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The Mysterious Spanish Festival Of Semana Santa
Spain is renowned for its elaborate Semana Santa or Holy Week traditions, and if you’re planning a Spanish holiday for the week before Easter, you’ll find yourself in the midst of these extraordinary festivals. Spanish participants take part in a whole host of bizarre-seeming rituals dating back to medieval times and beyond.
The Spanish festival of Semana Santa has different traditions in different regions but, all over the country, participants are conspicuous for their dramatic-looking medieval-style penitential robes, or ‘nazarenos’.
The robes are very striking because of their hoods, which have a conical tip used to conceal the face, and sometimes a long cloak. Ironically, these robes served as the basis for the traditional uniform for members of the Ku Klux Klan in the US, a very anti-Catholic organization.
These eerie-looking gowns and hoods can make Spanish holiday makers feel as though they have just stepped back in time, and they do have a very long tradition. In the medieval period, penitents wore the hoods so that they could demonstrate their penance, whilst keeping their identity a secret.
Many participants also carry candles or wooden crosses, and some walk barefoot or carry shackles and chains on their feet. Altogether, these accessories give a truly electric atmosphere to this Spanish festival, which can add a spiritual aspect to a Spanish holiday.
If you’re organizing a tailor-made holiday in Spain this Easter, make sure to incorporate a visit to an area with some of the most famous processions, so that you can take part in this very remarkable set of Spanish festivals.
Seville arguably holds some of the most elaborate processions for the Semana Santa festival. Spanish holiday makers can witness the procession of antique wooden sculptures, or ‘pasos’, of individual scenes of the events that happened between Jesus' entry in Jerusalem and his burial, or images of the Virgin Mary showing restrained grief for the torture and killing of her son, are carried through the streets.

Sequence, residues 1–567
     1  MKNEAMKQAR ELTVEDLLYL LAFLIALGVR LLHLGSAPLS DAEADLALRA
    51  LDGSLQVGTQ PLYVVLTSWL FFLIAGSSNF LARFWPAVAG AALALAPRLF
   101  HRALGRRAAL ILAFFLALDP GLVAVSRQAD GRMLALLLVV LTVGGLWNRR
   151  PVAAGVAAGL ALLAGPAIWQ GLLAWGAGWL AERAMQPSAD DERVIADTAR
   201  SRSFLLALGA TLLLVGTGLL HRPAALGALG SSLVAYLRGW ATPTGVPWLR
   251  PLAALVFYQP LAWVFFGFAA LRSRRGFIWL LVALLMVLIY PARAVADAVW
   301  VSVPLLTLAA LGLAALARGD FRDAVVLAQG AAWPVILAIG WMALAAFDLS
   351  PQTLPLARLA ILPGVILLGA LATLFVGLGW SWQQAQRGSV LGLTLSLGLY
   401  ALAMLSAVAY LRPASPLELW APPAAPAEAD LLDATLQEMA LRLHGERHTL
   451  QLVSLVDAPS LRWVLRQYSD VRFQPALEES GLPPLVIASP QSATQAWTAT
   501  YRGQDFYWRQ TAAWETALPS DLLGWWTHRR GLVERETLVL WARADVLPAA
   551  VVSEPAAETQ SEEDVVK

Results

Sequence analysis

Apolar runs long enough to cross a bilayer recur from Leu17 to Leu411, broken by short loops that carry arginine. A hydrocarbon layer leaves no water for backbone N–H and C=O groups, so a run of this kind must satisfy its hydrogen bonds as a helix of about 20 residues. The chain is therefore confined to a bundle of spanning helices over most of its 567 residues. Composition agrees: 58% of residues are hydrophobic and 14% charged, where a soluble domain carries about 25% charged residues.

They usually weigh over a tonne, and are carried on the neck of members of the religious brotherhoods who organize each procession. These artistic masterpieces are a great way to get a taste of the county’s artistic heritage whilst on a Spanish holiday.
A brass band may accompany the group, playing funereal religious hymns or ‘marchas’ written for the occasion. Some processions are silent with no musical accompaniment.
If your tailor-made holiday in Spain involves a trip to Malaga, you’ll be able to see the processions of immense images from the Passion on huge ornate floats, some with more than 5000 kilos carried by more than 250 people. Penitents dress in purple nazarenos with pointed hats and are followed by women in black, carrying candles.
Drums and trumpets play solemn music and occasionally someone spontaneously sings a mournful ‘saeta’ dedicated to a float as it makes its way slowly round the streets. This is one of the more solemn Semana Santa festivals in Spain.
Semana Santa processions in León are very popular, with more than 15,000 penitents on the streets. During the ‘Procesion de los Pasos’, which lasts nine hours, about 4,000 penitents carry 13 ‘pasos’ around all the city.
The most solemn moment (although it might not sound it) is El Encuentro, or ‘The Meeting’, when the pasos representing Saint John and La Dolorosa face one another and penitents move them as though they were dancing together.
The most important procession in Linares is a ten hour night procession, the ‘Procesión del Nazareno’. The greatest ‘paso’ in the Linares Semana Santa represents the Last Supper. This group of sculptures is the masterpiece of a great Spanish sculptor called Victor de los Rios.
If you take a tailor-made holiday in Spain at Easter and incorporate one or more of these areas, you’re bound to learn a few things about this festival, Spanish religious artworks and the country’s serious devotion to Semana Santa and putting on an amazing show.
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